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State v. Azar

United States District Court, D. Oregon

September 17, 2019

STATE OF OREGON et al., Plaintiffs
v.
ALEX M. AZAR II et al. Defendants, and AMERICAN MEDICAL ASSOCIATION, et al., Plaintiffs,
v.
ALEX M. AZAR II et al., Defendants.

          OPINION AND ORDER

          Michael J. McShane United States District Judge.

         On April 29, 2019, this Court issued a preliminary injunction stopping the implementation of certain rules (the “Final Rule”) that would alter the family planning program established by Title X of the Public Health Services Act, 42 U.S.C. § 300 et seq. Defendants appealed, and now move this Court to stay any district court proceedings pending appellate review of the injunction. Plaintiffs oppose the motion, pointing out that district courts are generally discouraged from staying matters pending appeal.

         This case presents unique circumstances that warrant a stay. First, the Ninth Circuit has indicated that it will hear the merits of the injunction at oral argument on September 23, 2019- just one week away-and proceed “expeditiously.” Second, the issues presented in this case are almost entirely legal in nature. An opinion from the Ninth Circuit will most certainly provide guidance for this Court moving forward. Finally, the threat of extended harm to plaintiffs at this point, following a stay of this court's injunction by the Ninth Circuit panel, does not outweigh judicial efficiency.

         For these reasons, Defendants' Motion for Stay of Proceedings Pending Appeal of this Court's Preliminary Injunction, ECF No. 176, is GRANTED.[1]

         STANDARD

         The Supreme Court has long recognized a “power inherent in every court to control the disposition of the causes on its docket with economy of time and effort for itself, for counsel, and for litigants.” Landis v. North American Co., 299 U.S. 248, 254 (1936). The Ninth Circuit explained,

Where it is proposed that a pending proceeding be stayed, the competing interests which will be affected by the granting or refusal to grant a stay must be weighed. Among these competing interests are the possible damage which may result from the granting of a stay, the hardship or inequity which a party may suffer in being required to go forward, and the orderly course of justice measured in terms of the simplifying or complicating of issues, proof, and questions of law which could be expected to result from a stay. See Landis v. North American Co., 299 U.S. 248, 254-255, 57 S.Ct. 163, 81 L.Ed. 153.

CMAX, Inc. v. Hall, 300 F.2d 265, 268 (9th Cir. 1962).

         DISCUSSION

         Plaintiffs' claims against defendants involve multiple violations of the Administrative Procedure Act, 5 U.S.C. § 706(2)(A)-(D), as well as constitutional challenges to the Final Rule. See Pls.' Compl. 92-102, ECF No. 1. With a fully developed administrative record and virtually no issues of fact, both parties agree that the issues in this case are legal in nature. Because the Ninth Circuit has indicated it will hear the merits of the injunction at an oral argument scheduled next week, its opinion will almost certainly inform or bind this Court moving forward on those same legal issues. This is an expedited appeal that will not be protracted over the course of years. The interest of judicial economy outweighs the threat of extended harm to plaintiffs in favor of allowing a stay.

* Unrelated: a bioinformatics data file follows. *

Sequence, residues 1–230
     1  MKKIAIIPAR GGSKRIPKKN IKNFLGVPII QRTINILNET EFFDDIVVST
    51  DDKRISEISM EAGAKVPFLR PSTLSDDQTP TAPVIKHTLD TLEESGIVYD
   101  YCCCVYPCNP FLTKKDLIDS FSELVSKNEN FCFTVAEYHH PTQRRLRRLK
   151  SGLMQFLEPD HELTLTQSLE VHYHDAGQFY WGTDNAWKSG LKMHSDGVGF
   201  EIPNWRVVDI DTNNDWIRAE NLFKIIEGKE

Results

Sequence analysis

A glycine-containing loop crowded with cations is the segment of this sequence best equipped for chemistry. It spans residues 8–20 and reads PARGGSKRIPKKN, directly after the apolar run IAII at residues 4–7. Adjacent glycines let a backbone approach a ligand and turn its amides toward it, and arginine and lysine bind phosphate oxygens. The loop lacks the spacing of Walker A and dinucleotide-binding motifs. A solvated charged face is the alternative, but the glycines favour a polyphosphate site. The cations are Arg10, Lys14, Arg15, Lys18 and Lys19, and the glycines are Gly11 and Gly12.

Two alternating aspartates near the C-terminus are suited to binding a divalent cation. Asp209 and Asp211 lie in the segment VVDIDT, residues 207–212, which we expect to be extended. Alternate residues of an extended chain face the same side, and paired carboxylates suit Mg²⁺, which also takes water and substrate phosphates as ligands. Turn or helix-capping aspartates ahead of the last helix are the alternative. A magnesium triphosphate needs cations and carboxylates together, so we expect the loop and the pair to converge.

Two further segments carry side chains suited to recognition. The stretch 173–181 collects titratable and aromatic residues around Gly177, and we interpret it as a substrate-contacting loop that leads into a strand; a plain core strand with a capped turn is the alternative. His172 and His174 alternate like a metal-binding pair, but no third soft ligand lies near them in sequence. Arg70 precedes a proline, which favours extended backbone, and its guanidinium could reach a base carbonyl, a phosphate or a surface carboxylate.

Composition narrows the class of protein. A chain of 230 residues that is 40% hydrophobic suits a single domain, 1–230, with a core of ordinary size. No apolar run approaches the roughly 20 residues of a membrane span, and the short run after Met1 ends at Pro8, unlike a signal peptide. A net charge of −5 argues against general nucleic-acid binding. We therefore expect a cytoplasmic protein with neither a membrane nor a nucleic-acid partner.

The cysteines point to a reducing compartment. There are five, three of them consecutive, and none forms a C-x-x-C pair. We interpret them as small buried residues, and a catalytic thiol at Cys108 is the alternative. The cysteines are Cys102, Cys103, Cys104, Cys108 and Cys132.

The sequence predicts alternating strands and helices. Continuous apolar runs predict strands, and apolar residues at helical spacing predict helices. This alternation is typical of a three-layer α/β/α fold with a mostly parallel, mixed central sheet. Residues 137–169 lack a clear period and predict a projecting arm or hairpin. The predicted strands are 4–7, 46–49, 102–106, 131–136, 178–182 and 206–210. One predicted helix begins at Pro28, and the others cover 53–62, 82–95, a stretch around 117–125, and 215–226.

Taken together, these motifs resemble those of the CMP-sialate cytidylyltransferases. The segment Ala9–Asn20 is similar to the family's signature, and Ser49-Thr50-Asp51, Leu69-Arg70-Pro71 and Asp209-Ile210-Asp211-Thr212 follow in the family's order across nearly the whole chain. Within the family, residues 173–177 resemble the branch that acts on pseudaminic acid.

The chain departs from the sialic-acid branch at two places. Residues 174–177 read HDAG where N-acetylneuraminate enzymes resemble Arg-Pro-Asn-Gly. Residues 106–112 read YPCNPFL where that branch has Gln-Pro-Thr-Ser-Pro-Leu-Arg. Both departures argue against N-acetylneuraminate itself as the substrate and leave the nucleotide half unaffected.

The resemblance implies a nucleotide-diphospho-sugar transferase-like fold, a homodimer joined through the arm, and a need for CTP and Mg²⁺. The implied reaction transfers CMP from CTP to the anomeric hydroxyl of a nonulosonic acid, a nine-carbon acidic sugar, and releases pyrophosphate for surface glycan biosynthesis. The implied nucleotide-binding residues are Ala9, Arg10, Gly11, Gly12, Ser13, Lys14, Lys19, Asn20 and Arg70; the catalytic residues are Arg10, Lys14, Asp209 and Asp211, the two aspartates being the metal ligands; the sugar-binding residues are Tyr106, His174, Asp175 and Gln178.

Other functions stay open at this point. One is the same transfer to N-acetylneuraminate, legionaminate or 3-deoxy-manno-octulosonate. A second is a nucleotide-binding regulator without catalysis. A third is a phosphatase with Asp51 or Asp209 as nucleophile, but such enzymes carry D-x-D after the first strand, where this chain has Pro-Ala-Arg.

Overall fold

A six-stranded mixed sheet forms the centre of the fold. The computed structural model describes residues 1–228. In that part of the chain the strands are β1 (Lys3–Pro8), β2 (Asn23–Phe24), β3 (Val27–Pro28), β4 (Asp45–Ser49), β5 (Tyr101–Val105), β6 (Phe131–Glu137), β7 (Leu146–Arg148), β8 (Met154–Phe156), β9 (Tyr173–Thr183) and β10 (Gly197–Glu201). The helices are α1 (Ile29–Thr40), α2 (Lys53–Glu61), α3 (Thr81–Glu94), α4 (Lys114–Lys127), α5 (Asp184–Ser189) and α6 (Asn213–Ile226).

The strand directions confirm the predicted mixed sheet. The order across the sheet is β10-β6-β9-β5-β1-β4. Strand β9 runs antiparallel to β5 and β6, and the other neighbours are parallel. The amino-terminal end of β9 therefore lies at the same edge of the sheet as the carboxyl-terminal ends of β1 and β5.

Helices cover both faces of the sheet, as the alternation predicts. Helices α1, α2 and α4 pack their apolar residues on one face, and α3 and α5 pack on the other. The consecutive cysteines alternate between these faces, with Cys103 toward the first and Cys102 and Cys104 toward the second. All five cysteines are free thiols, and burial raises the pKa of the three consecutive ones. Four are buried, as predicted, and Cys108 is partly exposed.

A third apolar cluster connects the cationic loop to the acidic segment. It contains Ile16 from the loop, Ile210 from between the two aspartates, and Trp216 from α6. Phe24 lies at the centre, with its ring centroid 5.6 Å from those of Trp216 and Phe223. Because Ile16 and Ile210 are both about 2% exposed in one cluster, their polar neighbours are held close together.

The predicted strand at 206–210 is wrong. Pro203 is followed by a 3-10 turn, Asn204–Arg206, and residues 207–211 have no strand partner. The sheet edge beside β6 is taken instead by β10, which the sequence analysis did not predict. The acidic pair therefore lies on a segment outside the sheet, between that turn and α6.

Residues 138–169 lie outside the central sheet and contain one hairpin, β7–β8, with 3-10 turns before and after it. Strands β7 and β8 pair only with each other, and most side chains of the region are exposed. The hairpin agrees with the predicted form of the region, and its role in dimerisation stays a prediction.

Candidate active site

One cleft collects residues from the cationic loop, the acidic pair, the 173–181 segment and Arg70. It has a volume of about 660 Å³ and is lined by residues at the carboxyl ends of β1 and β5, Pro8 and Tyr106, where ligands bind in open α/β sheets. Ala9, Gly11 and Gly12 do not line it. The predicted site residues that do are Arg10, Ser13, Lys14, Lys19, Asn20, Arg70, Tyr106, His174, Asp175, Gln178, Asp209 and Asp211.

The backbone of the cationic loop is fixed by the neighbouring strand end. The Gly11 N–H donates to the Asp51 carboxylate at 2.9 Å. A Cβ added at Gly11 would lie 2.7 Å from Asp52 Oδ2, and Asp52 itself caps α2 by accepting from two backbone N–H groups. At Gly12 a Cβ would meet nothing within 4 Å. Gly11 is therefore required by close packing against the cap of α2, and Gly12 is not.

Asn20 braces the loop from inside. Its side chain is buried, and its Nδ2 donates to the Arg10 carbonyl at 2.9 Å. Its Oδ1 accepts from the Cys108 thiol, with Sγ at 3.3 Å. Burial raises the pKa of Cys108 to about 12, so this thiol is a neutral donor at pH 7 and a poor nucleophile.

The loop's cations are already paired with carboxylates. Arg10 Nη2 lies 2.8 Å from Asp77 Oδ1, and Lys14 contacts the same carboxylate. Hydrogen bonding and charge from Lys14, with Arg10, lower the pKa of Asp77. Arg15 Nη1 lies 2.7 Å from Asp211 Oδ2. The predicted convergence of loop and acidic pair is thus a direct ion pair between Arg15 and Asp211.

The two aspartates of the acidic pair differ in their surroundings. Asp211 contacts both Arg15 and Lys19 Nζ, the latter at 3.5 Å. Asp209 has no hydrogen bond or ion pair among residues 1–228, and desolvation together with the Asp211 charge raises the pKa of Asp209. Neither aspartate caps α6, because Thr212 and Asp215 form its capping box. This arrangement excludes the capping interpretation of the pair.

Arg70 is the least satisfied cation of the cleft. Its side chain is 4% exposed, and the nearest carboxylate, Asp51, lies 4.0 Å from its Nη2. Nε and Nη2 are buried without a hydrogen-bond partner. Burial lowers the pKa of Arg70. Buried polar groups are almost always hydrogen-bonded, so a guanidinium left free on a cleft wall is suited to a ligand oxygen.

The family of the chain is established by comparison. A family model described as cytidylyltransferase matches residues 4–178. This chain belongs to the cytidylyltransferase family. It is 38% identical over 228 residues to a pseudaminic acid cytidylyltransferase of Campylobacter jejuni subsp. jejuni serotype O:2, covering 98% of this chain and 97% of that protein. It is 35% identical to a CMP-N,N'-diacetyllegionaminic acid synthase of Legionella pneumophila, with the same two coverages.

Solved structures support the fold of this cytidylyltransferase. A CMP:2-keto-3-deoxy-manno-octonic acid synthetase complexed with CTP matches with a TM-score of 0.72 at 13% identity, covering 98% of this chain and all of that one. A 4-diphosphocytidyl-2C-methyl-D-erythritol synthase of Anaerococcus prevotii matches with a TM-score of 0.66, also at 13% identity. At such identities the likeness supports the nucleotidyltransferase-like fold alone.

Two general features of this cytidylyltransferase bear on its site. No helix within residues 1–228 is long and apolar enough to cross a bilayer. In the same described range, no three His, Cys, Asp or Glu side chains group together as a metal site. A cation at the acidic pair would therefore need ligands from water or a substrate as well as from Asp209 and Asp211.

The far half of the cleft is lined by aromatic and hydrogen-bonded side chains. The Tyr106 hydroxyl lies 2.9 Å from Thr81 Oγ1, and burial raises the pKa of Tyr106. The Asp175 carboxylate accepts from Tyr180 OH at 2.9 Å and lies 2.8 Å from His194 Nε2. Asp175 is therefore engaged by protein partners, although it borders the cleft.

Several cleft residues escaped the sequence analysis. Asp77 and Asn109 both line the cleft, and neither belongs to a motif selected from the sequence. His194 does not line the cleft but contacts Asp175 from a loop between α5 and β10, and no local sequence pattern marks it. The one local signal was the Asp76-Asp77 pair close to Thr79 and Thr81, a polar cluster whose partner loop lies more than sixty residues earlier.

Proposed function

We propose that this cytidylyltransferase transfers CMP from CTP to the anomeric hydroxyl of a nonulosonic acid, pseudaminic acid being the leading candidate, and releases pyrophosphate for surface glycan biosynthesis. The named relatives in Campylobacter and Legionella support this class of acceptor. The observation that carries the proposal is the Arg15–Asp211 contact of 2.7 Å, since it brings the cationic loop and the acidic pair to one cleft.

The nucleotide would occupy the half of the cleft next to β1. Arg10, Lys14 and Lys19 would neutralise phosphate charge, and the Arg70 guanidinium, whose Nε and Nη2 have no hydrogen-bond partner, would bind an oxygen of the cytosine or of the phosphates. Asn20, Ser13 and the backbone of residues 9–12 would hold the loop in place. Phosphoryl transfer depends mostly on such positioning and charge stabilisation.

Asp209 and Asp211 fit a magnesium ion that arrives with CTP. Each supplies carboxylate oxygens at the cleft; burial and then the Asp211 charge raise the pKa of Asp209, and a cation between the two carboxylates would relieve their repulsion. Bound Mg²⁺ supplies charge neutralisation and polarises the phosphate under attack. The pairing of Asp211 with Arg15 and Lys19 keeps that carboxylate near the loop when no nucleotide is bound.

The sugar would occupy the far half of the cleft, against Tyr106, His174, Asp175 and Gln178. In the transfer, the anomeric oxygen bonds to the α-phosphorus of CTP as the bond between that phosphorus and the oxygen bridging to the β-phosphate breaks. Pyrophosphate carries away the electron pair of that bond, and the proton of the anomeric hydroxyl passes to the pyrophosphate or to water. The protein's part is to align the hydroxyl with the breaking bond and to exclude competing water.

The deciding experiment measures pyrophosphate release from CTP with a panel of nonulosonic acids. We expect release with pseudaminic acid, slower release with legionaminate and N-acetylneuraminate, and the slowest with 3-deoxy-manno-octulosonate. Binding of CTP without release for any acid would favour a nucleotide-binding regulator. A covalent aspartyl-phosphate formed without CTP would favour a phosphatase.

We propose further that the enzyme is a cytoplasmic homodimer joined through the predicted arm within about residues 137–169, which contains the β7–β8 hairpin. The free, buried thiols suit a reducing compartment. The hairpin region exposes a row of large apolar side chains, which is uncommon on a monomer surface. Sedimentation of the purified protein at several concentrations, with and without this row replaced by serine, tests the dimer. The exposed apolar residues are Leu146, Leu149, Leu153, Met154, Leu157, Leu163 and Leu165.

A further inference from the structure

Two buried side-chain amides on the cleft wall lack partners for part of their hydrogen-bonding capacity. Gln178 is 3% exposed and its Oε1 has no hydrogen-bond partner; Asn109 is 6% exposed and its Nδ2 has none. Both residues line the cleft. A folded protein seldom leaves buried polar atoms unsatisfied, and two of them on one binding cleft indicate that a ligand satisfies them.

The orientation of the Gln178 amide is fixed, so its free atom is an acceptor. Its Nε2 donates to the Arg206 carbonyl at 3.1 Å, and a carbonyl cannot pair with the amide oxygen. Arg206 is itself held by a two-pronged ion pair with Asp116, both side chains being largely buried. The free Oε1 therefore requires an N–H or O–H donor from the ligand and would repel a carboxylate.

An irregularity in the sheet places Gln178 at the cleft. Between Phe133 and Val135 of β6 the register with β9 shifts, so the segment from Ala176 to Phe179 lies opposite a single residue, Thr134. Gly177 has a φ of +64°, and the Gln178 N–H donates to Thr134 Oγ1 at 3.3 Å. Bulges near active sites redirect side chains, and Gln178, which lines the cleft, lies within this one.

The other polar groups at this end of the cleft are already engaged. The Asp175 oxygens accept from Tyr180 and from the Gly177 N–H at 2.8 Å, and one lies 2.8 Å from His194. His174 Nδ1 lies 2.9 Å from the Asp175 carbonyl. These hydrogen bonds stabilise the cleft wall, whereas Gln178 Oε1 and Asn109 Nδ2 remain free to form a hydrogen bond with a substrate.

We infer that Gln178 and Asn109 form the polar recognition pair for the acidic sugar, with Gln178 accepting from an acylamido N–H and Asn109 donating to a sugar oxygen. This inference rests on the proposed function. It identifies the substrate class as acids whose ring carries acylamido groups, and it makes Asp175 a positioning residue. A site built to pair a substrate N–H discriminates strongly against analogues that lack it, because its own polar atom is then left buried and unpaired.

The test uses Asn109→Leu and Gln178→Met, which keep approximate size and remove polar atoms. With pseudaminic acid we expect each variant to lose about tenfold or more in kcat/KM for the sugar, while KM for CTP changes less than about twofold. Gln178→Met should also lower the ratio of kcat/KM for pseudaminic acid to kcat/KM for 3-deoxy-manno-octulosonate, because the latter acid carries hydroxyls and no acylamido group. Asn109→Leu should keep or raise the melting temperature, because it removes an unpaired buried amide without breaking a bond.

Plaintiffs argue that the Ninth Circuit rehearing en banc will only address the three-judge panel's stay of the district courts' injunctions. Plts.' Resp. in Opp'n to Mot. 12, ECF No. 181. Despite the Ninth Circuit instructing the parties to “be prepared to discuss at oral argument the district courts' preliminary injunction orders on the merits, ” Plaintiffs argue that a decision on the merits is only a mere possibility. 9th Cir. Order 2, Aug. 1, 2019, ECF No. 180.

         Even assuming that the en banc court does not reach the merits of the preliminary injunction, the reality is that the merits of the preliminary injunction are baked into the three-judge panel's order staying the injunction. The three-judge panel that granted defendants' motions for stay of the preliminary injunctions had to consider the merits of the injunctions themselves. 9th Cir. Order on Mots. for Stay, June 20, 2019, ECF No. 165. Thus, when the en banc court rehears the merits of defendants' motions for stay, it is reasonable to assume the en banc court will also consider the merits of the injunctions themselves.

         Finally, the potential harm to plaintiffs does not outweigh the judicial efficiency of allowing a brief stay pending “expeditious” appellate review of almost entirely legal issues. Plaintiffs argue that severe and extended harm will result if the case does not proceed expeditiously to final judgment. See Plts.' Resp. in Opp'n to Mot. 1-2, ECF No. 181; Plts.' Mem. In Opp'n to Mot. 2, ECF No. 183. This Court has already agreed with the Plaintiffs that the harm to the public that will result from the Final Rule was such that it required immediate injunctive relief. That finding was squarely rejected on appeal. Op. & Order, ECF No. 142. Allowing a brief stay in litigation while the Ninth Circuit expeditiously considers the stay of the injunction, and likely the merits of the injunction itself, will ultimately benefit both parties and this Court moving forward.

         Plaintiffs rely on the Ninth Circuit's recent decision in California v. Azar, 911 F.3d 558, 583 (9th Cir. 2018) to support the usual disfavor of district courts “delay[ing] trial preparation to await an interim ruling on a preliminary injunction.” The Ninth Circuit explained that “because the fully developed factual record may be materially different from that initially before the district court, our disposition of appeals from most preliminary ...


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